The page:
The boroughs of Ahuntsic-Cartierville and Sud-Ouest join 11 other of Montreal’s 19 boroughs in receiving the certification.The Office said in a press release it’s working “in close collaboration” with the six remaining boroughs to get their diplomas of conformity.

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Indépendantisme et nationalisme: le pari de la lucidité. Grand entretien avec Nic Payne

Par Mathieu Bock-Côté

Depuis des années, sur différentes tribunes, trop souvent discrètes, Nic Payne mène une réflexion de fond sur la situation du Québec et de la cause indépendantiste. Je l’ai interviewé pour qu’il présente sa pensée aux lecteurs de ce blogue. On trouvera chez lui une critique aussi profonde que lucide de certaines de nos plus tenaces illusions collectives et qui, quoi qu’on en pense, secoue plusieurs idées reçues. Entretien avec un intellectuel à connaître.

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Débats : L’avenir du français au Québec

Par Serge Joyal, sénateur à la retraite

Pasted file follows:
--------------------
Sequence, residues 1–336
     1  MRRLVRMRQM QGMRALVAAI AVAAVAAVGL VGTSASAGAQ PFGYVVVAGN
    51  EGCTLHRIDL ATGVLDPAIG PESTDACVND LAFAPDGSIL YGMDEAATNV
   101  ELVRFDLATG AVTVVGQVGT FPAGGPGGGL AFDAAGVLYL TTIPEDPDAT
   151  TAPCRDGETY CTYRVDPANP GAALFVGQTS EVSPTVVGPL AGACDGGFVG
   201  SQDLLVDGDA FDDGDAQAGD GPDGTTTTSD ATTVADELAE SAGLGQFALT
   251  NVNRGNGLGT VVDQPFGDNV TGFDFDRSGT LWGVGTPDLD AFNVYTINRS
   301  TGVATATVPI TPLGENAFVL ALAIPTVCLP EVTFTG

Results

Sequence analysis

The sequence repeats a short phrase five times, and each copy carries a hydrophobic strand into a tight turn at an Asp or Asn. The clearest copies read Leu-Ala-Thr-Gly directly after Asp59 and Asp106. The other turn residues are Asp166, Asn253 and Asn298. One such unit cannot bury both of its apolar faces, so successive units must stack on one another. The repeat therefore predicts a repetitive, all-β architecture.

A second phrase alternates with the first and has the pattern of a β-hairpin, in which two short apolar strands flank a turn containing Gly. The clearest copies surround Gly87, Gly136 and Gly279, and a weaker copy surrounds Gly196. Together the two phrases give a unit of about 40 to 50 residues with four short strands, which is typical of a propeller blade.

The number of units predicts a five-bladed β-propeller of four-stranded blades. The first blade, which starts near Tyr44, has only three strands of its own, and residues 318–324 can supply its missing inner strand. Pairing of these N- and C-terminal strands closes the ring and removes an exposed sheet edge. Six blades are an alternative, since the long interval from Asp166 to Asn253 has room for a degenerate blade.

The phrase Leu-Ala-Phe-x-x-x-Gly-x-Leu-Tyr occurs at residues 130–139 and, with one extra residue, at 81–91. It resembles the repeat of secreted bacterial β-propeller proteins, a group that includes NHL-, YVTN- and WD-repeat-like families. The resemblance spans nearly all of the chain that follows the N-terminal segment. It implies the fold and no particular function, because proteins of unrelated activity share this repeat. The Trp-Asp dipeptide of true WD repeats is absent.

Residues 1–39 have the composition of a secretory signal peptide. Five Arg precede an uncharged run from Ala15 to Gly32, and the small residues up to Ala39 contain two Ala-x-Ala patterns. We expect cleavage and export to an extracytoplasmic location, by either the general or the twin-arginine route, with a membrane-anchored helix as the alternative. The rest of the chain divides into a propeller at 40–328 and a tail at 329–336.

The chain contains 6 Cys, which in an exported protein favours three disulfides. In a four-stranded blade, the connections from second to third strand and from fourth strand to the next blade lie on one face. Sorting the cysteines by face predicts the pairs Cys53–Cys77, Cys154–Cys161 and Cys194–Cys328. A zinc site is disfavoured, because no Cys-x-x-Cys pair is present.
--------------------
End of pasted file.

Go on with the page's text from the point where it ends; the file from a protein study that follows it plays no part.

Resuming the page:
L’auteur s’adresse au premier ministre du Canada, Justin Trudeau.

Je prends l’initiative de vous écrire parce que je crois personnellement que la situation à laquelle vous êtes confronté remet en cause la conception même du Canada, et les principes sur lesquels il est fondé.

Depuis les derniers mois, il y a une offensive orchestrée au Québec par les partis et mouvements indépendantistes, et des groupes nationalistes pour amener le gouvernement canadien à soumettre à la loi 101 les agences et entreprises à charte fédérale. Celles-ci représentent à peine 4 % de la main-d’œuvre, une proportion somme toute minime. Le but est de contrer ce qu’on estime être un « déclin du français » à Montréal, qui sévirait dans les commerces du centre-ville.

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The paradoxal relationship between Quebec and the Canadian Francophonie

In the wake an agreement signed between the Quebec Community Groups Network, l’Assemblée de la francophonie de l’Ontario et la Société de l’Acadie du Nouveau-Brunswick, political scientists Stéphanie Chouinard and Serge Miville discuss the fundamental contradictions between Quebec’s English-language minority communities and their sister French-language communities in Ontario and New Brunswick.

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Anglos, francophones join forces on minority language rights after ‘a bad year

Quebec’s English-speaking population aligned itself with Francophones in New Brunswick and Ontario to protect and promote the rights of official minority language communities across the country. “It has been a bad year in Ontario, a bad year in New Brunswick and very worrying in Quebec — on subjects related to rights in all three cases,” said QCGN President Geoffrey Chambers.